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'Very Good Girls' is more foe than friend
"Very Good Girls" ostensibly is a movie about two modern-day, virginal teens experiencing a loss of innocence over the course of a summer when they both fall for the same hunky oaf.
The premise demands some intense drama and angry confrontations interspersed with the usual dreamy nostalgia.
Writer-director Naomi Foner, however, keeps things as safe and tame as a Nicholas Sparks adaptation. She imbues the picture with endless scenes in which characters played by Elizabeth Olsen and Dakota Fanning stare dewy-eyed at Boyd Holbrook's David, the shared object of their affection, while failing to define the protagonists as anything more than young women lusting for this aloof street artist/ice cream salesman.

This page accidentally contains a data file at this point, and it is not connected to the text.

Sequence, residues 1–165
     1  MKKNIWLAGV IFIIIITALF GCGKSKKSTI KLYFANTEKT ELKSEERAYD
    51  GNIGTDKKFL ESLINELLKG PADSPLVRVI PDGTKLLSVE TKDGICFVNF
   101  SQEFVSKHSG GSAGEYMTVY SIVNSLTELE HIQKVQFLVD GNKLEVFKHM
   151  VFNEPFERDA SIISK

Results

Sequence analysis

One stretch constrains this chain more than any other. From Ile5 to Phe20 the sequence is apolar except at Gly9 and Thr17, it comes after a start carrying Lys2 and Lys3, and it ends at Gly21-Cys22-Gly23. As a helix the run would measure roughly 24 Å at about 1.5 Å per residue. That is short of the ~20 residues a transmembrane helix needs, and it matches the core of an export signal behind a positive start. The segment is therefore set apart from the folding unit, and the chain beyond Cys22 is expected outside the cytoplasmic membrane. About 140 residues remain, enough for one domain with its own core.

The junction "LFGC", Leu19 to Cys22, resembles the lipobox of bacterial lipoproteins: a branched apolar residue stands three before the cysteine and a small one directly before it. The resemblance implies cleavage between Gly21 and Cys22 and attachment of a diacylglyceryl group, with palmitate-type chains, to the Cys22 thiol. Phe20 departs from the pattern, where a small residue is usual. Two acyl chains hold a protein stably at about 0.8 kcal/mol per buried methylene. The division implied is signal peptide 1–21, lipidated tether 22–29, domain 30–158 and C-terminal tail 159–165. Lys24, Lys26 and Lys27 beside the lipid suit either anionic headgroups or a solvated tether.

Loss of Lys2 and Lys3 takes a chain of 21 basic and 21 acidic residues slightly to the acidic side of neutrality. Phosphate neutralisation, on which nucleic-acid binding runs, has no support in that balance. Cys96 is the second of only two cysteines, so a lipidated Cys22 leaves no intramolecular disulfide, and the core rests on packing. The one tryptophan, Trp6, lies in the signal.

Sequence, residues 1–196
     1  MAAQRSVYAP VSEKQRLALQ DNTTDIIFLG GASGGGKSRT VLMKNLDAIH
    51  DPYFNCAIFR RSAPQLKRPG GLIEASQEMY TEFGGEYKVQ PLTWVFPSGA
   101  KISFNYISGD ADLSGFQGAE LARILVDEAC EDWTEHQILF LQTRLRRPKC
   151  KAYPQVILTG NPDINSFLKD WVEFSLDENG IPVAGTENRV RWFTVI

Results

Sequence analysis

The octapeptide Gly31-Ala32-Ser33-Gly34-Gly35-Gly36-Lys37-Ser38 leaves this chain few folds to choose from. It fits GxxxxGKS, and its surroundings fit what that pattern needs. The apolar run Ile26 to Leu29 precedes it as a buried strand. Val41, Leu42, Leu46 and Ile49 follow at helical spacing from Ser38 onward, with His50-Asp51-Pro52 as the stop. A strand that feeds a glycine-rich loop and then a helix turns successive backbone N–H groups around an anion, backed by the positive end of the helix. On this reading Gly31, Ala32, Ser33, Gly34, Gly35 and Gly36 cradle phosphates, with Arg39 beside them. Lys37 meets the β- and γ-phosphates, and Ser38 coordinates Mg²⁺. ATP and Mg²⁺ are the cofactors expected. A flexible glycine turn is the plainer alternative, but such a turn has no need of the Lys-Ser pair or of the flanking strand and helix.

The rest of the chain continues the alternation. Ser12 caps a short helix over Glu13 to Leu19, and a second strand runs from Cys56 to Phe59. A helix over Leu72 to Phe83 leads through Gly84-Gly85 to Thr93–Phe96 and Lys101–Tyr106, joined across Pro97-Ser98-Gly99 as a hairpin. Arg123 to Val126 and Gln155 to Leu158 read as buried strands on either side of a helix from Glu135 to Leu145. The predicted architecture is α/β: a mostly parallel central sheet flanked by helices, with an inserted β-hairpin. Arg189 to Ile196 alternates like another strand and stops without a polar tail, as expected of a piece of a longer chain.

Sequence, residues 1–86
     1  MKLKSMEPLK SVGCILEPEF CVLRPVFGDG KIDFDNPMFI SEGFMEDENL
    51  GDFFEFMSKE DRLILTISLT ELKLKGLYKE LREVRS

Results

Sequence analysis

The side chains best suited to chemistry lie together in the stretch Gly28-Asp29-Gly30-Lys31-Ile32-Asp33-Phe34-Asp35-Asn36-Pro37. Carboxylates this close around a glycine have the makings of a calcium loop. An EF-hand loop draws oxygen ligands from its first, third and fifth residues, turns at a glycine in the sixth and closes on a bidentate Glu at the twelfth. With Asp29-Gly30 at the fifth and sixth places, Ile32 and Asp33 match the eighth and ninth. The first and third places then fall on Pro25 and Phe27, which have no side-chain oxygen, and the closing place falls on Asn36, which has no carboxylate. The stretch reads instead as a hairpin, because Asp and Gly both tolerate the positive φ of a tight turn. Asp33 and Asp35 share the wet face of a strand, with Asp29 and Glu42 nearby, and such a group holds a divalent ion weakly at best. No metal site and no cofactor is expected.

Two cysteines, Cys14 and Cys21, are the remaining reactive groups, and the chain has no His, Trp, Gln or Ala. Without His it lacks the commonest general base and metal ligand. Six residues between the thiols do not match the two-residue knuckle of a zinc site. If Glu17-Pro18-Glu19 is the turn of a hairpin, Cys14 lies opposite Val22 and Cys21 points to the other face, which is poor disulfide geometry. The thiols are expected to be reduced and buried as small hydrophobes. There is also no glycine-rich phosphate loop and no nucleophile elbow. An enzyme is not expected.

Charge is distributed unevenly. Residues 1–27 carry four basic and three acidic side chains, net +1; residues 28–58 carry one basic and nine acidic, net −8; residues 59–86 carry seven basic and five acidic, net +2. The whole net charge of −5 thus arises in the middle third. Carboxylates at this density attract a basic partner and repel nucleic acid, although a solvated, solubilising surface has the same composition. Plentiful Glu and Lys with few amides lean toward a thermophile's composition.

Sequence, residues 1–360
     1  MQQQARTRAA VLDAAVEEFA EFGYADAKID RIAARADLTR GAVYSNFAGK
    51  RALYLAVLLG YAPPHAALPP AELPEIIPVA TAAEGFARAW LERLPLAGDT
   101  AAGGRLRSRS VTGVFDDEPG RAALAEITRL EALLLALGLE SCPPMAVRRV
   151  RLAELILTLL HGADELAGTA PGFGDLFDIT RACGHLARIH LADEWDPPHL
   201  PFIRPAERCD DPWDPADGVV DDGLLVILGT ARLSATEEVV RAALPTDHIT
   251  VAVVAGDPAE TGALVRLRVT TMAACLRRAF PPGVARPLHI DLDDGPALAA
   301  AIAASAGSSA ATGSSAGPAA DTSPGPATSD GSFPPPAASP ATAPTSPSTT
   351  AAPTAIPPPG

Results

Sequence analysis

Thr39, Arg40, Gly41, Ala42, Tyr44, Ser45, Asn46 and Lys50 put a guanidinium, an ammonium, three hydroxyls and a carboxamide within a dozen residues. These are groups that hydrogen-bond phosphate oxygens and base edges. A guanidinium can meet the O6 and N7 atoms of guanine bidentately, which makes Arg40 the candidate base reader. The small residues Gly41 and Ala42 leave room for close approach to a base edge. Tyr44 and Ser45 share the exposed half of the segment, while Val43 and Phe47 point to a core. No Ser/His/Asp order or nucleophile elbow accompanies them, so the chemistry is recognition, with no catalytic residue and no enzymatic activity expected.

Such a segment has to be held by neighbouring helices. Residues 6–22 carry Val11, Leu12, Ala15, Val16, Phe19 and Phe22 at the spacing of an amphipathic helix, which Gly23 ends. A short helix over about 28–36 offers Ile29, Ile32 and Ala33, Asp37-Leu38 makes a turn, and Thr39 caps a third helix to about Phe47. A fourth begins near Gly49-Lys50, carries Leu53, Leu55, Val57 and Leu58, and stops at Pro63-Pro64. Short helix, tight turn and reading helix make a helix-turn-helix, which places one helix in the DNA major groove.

Sure, Olsen's Gerri plays guitar and dresses in fabulous hippie-chic designer duds, while Fanning's Lilly works as a tour guide and is headed to Yale in the fall.
But they're really a single-minded duo, and the movie telegraphs their interests in obvious ways and demonstrates little understanding of the ways one might come of age in the smartphone era.
As a study of a friendship under duress, "Very Good Girls" doesn't fare much better. It's sincere and well-meaning, and the New York settings are lovingly photographed, but it treats a complicated experience with painstaking simplicity.
Very Good Girls
Directed by Naomi Foner | Starring Dakota Fanning, Elizabeth Olsen | Rated R | Playing at Village East and on VOD